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This volume of Annotated Legal Documents on Islam in Europe covers Spain and consists of an annotated collection of legal documents affecting the status of Islam and Muslims. The legal texts are published in the original Spanish language while the annotations and supporting material are in English. By legal documents are meant the texts of legislation, including relevant secondary legislation, as well as significant court decisions. Each legal text is preceded by an introduction describing the historical, political and legal circumstances of its adoption, plus a short paragraph summarising its content. The focus of the collection is on the religious dimensions of being Muslim in Europe, i.e. on individuals' access to practise their religious obligations and on the ability to organise and manifest their religious life.
The Impact of Article 6 of the European Convention on Human Rights
Author: Cristina Teleki
In Due Process and Fair Trial in EU Competition Law, Cristina Teleki addresses the complex relationship between Articles 101 and 102 of the Treaty on the Functioning of the European Union and Article 6 of the European Convention on Human Rights.
The book is built around the idea that big business can threaten democracy. Due process and fair trial should be central to the process of addressing bigness through competition law, by safeguarding independent decision-making and judicial review and by preventing competition authorities from growing into administrative behemoths threatening democracy from inside. To show this, the book combines a comprehensive review of the case-law of the European Court of Human Rights with insight from economics, psychology and systems theory.
This volume of Annotated Legal Documents on Islam in Europe covers the Czech Republic and consists of an annotated collection of legal documents affecting the status of Islam and Muslims. The legal texts are published in the original Czech language while the annotations and supporting material are in English. By legal documents are meant the texts of legislation, including relevant secondary legislation, as well as significant court decisions. Each legal text is preceded by an introduction describing the historical, political and legal circumstances of its adoption, plus a short paragraph summarising its content. The focus of the collection is on the religious dimensions of being Muslim in Europe, i.e. on individuals' access to practise their religious obligations and on the ability to organise and manifest their religious life.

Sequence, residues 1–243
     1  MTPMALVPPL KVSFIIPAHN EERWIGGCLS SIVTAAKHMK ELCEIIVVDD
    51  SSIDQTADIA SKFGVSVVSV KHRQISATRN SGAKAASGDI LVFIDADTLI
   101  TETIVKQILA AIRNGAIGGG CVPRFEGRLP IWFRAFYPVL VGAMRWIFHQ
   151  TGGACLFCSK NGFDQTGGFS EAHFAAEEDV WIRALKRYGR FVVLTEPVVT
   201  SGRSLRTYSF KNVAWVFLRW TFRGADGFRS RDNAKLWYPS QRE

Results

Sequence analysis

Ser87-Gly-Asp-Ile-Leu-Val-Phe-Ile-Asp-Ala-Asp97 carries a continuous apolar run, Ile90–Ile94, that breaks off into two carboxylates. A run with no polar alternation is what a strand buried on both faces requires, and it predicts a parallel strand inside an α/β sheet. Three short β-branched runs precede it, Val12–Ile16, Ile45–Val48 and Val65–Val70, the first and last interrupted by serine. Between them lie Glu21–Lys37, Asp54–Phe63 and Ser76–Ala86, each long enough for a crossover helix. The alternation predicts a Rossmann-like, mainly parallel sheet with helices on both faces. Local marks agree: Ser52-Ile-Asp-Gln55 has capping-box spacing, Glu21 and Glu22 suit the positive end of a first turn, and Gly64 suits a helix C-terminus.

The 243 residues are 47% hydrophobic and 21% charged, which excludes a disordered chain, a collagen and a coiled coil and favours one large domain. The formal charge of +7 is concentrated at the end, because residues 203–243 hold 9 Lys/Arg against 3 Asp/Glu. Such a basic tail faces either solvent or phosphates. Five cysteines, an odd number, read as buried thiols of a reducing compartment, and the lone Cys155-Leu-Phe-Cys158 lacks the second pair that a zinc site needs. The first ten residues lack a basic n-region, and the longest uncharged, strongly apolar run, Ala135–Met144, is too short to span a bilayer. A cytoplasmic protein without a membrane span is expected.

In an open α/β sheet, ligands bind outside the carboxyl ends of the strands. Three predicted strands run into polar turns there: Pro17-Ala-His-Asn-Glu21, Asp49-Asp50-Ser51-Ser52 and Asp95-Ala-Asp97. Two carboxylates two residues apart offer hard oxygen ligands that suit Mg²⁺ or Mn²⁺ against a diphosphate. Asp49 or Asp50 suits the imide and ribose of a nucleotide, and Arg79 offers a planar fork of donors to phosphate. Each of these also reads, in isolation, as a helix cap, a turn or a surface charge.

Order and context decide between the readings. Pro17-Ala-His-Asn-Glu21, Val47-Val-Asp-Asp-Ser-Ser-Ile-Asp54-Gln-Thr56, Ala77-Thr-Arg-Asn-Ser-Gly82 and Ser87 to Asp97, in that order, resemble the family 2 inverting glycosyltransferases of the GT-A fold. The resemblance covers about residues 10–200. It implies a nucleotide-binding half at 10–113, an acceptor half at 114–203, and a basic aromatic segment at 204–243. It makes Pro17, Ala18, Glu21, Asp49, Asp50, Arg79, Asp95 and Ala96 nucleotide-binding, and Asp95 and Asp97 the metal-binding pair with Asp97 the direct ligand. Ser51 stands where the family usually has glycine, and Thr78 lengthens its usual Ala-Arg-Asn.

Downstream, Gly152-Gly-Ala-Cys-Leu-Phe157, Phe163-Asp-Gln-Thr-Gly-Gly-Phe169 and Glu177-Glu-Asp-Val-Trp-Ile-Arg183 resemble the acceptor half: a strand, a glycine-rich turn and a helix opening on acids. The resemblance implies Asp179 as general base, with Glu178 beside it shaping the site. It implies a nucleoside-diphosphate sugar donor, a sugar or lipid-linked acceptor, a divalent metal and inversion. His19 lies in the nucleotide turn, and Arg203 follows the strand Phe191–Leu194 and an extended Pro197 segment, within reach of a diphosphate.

This book casts new light on the application of the principle of proportionality in international law. Proportionality is claimed to play a central role in governing the exercise of public power in international law and has been presented as the ‘ultimate rule of law’. It has also been the subject of fierce criticism: it is argued that it leads to unreflexive and arbitrary application of the law and deprives rights of their role as a ’firewall’ protecting individuals. But the debate on proportionality has tended to focus on the question of ‘how’ proportionality should be carried out. Much less attention has been devoted to the question of ‘who’.
This edited volume bring together scholars from a wide range of areas of international law to consider that question: whose interests are at stake when courts and other legal authorities apply the principle of proportionality? In so doing, this volume casts new light on the role which proportionality can play in international law, in shaping and modulating the power relations between the different entities governed by it.
Author: Nedžad Grabus
This volume of Annotated Legal Documents on Islam in Europe covers Slovenia and consists of an annotated collection of legal documents affecting the status of Islam and Muslims. The legal texts are published in the original Slovenian language while the annotations and supporting material are in English. By legal documents are meant the texts of legislation, including relevant secondary legislation, as well as significant court decisions. Each legal text is preceded by an introduction describing the historical, political and legal circumstances of its adoption, plus a short paragraph summarising its content. The focus of the collection is on the religious dimensions of being Muslim in Europe, i.e. on individuals' access to practise their religious obligations and on the ability to organise and manifest their religious life.
This book offers a legal analysis of sharing of passenger data from the EU to the US in light of the EU legal framework protecting individuals’ privacy and personal data. It aims to situate this analysis with respect to the ever-growing policies of Global North countries to introduce pre-screening procedures in border control proceedings for the purpose of the fight against terrorism. By tracing the literature on the (in)securitisation and as such depoliticization of border controls through technology-led interventions, it explores the multiplicity of purposes that passenger data sharing entail and considers the question on the limitability of fundamental rights depending on its purpose.
In: Privacy and Border Controls in the Fight against Terrorism
In: Privacy and Border Controls in the Fight against Terrorism
In: Privacy and Border Controls in the Fight against Terrorism